The Ides of March
Today is March 15 — the ides of the month.
“Beware the ides of March,” the soothsayer warned Julius Caesar… presciently. Should investors likewise beware the ides of March?
Today and tomorrow the Federal Reserve’s Open Market Committee — so-called — huddles at Washington.
These are the questions presently hanging in the air:
Will Mr. Powell and his mates finally push the federal funds rate up from zero — even as recessionary omens gather?
Or will the unpleasantness overseas hand them excuse to stand paws off, to sit idly upon their perspiring hands?
Prior to Mr. Putin’s adventuring, many prognosticators soothsaid a 50-basis-point hike. They reasoned a 0.50% hike would get good water on the inflationary flames currently fanning.
These flames are beginning to menace the population…
The latest producer’s price index reveals a galloping 10% annual rate of increase. And consumer price inflation blisters at 40-year highs.
Little relief is in prospect. Explains Oxford Economics:
Inflation in the pipeline is showing few signs of decelerating in the near term, especially as the Russia-Ukraine war wreaks havoc in energy and other commodity markets. Higher input costs will keep producer prices frustratingly elevated and continue to squeeze profit margins, likely feeding higher consumer prices in the coming months until war tensions unwind and goods demand moderates.
Of especial concern is the oil price. When oil spirals at such dizzying rates as presently, recession odds spiral with it.
Mr. Mark Zandi, chief economist of Moody’s Analytics, estimates the odds of recession within the following 12–18 months at one in three.
“It seems obvious that the odds of recession are now well above average here in the United States,” adds a certain Gerard MacDonell with 22V Research.
It is unlikely the Federal Reserve will announce a 50-basis-point hosing tomorrow. The Ukraine affair will likely hold them to a 25-basis-point sprinkling.
They will likely keep raising interest rates into next year. But enough to douse inflation’s fires? It is… unlikely.
Crane your neck. Glance backward to the wildly inflationary year of 1980…
The average inflation rate ran to a punishing 13.5%. Meantime, the average nominal interest rate went at 13.35% — plenty handsome.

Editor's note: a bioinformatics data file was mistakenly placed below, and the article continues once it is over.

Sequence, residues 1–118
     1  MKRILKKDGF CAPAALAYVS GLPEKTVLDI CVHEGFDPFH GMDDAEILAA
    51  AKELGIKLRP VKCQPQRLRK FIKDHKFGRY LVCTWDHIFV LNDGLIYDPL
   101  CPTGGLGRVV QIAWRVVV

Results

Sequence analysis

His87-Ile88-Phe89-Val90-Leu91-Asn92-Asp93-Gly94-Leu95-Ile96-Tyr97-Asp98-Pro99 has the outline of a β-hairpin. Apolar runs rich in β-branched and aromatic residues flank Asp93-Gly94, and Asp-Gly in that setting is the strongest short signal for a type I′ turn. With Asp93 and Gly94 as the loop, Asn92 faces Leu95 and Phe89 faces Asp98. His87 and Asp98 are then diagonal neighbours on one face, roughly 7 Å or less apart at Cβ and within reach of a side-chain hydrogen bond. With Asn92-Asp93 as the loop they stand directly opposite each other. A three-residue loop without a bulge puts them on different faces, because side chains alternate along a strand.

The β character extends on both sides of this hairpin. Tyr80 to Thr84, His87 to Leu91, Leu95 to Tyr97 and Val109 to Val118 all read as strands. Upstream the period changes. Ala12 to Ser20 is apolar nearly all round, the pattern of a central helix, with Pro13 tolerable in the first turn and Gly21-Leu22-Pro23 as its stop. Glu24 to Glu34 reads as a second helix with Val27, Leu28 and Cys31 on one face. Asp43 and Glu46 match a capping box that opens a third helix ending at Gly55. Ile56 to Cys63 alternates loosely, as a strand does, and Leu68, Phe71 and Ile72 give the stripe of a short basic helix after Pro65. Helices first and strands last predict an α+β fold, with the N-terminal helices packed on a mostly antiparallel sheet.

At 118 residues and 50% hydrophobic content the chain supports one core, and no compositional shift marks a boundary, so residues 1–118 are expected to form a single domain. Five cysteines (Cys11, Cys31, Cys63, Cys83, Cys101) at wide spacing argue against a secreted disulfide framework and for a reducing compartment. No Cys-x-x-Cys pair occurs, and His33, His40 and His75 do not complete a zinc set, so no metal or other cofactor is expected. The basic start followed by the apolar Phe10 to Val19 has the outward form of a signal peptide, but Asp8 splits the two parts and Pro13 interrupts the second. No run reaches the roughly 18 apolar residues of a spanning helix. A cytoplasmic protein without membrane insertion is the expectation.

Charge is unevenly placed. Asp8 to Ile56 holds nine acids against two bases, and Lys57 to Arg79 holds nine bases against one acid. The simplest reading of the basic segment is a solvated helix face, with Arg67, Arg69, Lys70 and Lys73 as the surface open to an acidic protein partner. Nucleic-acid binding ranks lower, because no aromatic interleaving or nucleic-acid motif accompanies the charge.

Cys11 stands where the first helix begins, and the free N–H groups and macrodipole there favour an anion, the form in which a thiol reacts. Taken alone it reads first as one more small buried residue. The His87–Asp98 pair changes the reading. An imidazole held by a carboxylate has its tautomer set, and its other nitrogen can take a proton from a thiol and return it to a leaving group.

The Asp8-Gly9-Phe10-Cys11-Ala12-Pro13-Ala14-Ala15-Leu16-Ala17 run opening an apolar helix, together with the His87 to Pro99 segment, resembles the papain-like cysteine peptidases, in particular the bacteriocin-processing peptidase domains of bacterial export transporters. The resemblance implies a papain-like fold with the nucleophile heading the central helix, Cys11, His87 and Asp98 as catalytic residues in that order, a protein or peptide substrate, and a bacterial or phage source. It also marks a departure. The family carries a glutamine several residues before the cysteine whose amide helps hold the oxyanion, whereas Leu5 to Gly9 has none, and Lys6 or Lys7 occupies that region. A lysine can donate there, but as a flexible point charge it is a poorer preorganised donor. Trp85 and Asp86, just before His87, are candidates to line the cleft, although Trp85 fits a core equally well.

Thus the inflation rate and the nominal interest rate were closely aligned.
The real interest rate – the nominal rate minus the inflation rate — thus went at negative 0.15% (13.35 – 13.5 = -0.15).
Paul Volcker was determined to get his hands around inflation’s neck. To strangle fatally he squeezed and squeezed until rates ticked 20%.
Now come home…
Consumer price inflation presently speeds at an annualized 7.9% rate. Meantime, the Federal Reserve’s target rate gutters along between 0% and 0.25%.
Hence the real interest rate — the nominal rate minus inflation — ranges between negative 7.65% and negative 7.90%.
Recall, Paul Volcker confronted a negative 0.15% real rate.
Assume the present inflation maintains its 7.9% gait. The Federal Reserve would have to elevate rates above 10% to cage inflation as Volcker caged inflation.
Can you imagine it? Paul Volcker’s economy was but one fraction as indebted as today’s economy.
Today’s economy has been erected upon the beach sand of cheap credit, now piling to levels truly abominable.
Neither the stock market nor the economy could endure Volcker’s type of roughhousing. Neither could hold out against the 10%-plus rates the business would require today.
For the matter of that, we are unconvinced either can withstand rates much above 2%.
Meaningfully higher rates will send them both heaping down, collapsed and wrecked.
Hence the Federal Reserve hangs from the hooks of a mighty dilemma it itself has engineered.
Its options are these:
Raise rates and push the economy and the stock market over. Or let inflation burn its way clear through the dollar.
Good luck, ladies and gentlemen — you will need it — and then some more.
Managing Editor, The Daily Reckoning